The body of Mr Avijit Roy, founder of Mukto-Mona [Free-mind] blog site which champions liberal secular writing in the Muslim-majority nation, was found covered in blood after the attack which also left his wife critically wounded.
"He died as he was brought to the hospital. His wife was also seriously wounded. She has lost a finger," local police chief Sirajul Islam said.
The couple were on a bicycle rickshaw, returning from a bookfair, when two assailants stopped and dragged them onto a sidewalk before striking them with machetes, local media reported citing witnesses.
Mr Roy, said to be around 40, is the second Bangladeshi blogger to have been murdered in two years and the fourth writer to have been attacked since 2004.
Hardline Islamist groups have long demanded the public execution of atheist bloggers and sought new laws to combat writing critical of Islam.
"Roy suffered fatal wounds in the head and died from bleeding... after being brought to the hospital," doctor Sohel Ahmed told reporters.
Police have launched a probe and recovered the machetes used in the attack but could not confirm whether Islamists were behind the incident.
But Mr Roy's father said the writer, a US citizen, had received a number of "threatening" emails and messages on social media from hardliners unhappy with his writing.
"He was a secular humanist and has written about ten books" including his most famous "Biswasher Virus" [Virus of Faith], his father M Ajoy Roy told AFP.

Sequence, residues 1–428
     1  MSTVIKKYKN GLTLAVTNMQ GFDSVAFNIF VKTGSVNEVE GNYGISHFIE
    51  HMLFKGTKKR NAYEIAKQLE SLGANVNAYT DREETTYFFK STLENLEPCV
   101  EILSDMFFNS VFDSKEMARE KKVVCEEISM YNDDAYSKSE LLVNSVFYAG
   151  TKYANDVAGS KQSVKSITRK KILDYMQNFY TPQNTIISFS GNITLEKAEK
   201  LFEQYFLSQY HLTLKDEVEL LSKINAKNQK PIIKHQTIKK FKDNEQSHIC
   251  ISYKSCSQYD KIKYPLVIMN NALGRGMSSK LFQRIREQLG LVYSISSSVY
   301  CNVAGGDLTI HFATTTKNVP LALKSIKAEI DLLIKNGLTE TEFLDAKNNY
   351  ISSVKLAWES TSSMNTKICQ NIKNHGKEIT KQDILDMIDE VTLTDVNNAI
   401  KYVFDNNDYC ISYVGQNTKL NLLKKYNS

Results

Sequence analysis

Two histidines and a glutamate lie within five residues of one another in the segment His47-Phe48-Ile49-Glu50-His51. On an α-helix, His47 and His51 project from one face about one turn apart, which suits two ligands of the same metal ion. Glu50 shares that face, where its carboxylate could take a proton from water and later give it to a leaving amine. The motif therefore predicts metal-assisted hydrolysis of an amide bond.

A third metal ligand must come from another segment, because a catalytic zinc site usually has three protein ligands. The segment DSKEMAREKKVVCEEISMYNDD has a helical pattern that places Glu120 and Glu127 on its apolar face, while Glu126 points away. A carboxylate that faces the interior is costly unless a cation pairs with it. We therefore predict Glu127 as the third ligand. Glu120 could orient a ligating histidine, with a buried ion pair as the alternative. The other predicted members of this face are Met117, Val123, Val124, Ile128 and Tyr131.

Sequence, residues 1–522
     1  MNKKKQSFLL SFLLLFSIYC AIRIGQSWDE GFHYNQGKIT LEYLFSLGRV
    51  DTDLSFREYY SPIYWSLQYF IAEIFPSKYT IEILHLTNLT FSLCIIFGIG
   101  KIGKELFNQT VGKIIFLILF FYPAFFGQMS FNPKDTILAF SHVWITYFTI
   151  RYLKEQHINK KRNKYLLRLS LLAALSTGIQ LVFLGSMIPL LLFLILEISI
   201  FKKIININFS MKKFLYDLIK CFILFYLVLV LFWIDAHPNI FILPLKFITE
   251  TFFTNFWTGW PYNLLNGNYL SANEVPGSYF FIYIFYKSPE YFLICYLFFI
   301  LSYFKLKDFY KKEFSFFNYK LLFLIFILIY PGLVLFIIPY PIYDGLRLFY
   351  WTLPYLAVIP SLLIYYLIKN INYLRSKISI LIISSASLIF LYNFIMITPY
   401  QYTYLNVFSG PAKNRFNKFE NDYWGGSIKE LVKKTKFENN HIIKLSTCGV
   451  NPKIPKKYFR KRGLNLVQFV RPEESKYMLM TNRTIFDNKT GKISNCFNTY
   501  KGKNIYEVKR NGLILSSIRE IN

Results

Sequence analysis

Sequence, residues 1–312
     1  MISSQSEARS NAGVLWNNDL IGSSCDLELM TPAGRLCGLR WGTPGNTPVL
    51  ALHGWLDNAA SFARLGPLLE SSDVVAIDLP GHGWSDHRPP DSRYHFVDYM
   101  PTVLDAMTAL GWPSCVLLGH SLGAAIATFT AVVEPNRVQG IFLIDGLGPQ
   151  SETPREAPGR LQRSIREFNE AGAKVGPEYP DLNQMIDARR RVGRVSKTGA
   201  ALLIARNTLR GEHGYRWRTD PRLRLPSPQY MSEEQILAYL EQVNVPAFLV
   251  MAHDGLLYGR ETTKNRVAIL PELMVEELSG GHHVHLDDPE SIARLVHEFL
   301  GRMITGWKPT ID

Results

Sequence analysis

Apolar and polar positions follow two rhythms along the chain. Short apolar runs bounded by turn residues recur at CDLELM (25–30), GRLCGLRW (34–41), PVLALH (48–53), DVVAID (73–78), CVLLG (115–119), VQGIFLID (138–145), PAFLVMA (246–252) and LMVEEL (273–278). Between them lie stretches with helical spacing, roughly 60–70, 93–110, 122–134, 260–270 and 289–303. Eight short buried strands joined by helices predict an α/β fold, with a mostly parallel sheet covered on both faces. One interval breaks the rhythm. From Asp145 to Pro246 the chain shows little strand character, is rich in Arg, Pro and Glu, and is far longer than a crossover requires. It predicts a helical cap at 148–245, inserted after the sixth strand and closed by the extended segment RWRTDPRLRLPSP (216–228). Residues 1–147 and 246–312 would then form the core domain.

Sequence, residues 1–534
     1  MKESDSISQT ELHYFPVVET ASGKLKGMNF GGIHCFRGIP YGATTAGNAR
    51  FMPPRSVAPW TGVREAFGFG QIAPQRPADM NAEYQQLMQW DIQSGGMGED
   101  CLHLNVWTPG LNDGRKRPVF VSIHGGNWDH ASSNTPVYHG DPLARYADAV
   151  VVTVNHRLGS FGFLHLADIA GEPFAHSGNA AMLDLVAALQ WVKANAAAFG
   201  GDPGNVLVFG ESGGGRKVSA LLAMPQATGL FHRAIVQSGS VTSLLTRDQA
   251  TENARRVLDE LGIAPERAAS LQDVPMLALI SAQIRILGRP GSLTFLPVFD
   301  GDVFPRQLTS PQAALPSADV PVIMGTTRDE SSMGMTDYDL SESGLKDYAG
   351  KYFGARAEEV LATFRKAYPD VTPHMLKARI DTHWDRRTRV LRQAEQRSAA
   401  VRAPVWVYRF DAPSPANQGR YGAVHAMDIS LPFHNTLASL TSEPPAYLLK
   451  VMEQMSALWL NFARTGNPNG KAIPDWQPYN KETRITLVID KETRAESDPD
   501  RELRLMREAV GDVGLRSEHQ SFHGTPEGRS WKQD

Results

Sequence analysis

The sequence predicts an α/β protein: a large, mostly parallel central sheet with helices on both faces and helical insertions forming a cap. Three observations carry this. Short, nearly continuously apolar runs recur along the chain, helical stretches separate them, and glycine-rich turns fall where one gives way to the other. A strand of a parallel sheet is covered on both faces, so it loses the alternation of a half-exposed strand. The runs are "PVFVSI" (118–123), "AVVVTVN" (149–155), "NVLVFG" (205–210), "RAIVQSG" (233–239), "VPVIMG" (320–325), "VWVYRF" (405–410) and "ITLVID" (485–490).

The Center for Inquiry, a US-based charity promoting free thought, said it was "shocked and heartbroken" by the brutal murder of Mr Roy.
"Dr Roy was a true ally, a courageous and eloquent defender of reason, science, and free expression, in a country where those values have been under heavy attack," it said in a statement.
Mr Roy's killing also triggered strong condemnation from his fellow writers and publishers, who lamented the growing religious conservatism and intolerance in Bangladesh.
"The attack on Roy and his wife Rafida Ahmed is outrageous. We strongly protest this attack and are deeply concerned about the safety of writers," Mr Imran H. Sarker, head of an association for bloggers in Bangladesh, told AFP.
Mr Pinaki Bhattacharya, a fellow blogger and friend of Roy, claimed one of the country's largest online book retailers was being openly threatened for selling Mr Roy's books.
"In Bangladesh the easiest target is an atheist. An atheist can be attacked and murdered," he wrote on Facebook.
Atheist blogger Ahmed Rajib Haider was hacked to death in 2013 by members of a little known Islamist militant group, triggering nationwide protests by tens of thousands of secular activists.
After Haider's death, Bangladesh's hardline Islamist groups started to protest against other campaigning bloggers, calling a series of nationwide strikes to demand their execution, accusing them of blasphemy.
The secular government of Prime Minister Sheikh Hasina reacted by arresting some atheist bloggers.
The government also blocked about a dozen websites and blogs to stem the furor over blasphemy, as well as stepping up security for the bloggers.
Bangladesh is the world's fourth-largest Muslim majority nation with Muslims making up some 90 percent of the country's 160 million people.
A tribunal has recently handed down a series of verdicts against leading Islamists and others for crimes committed during the war of independence from Pakistan in 1971.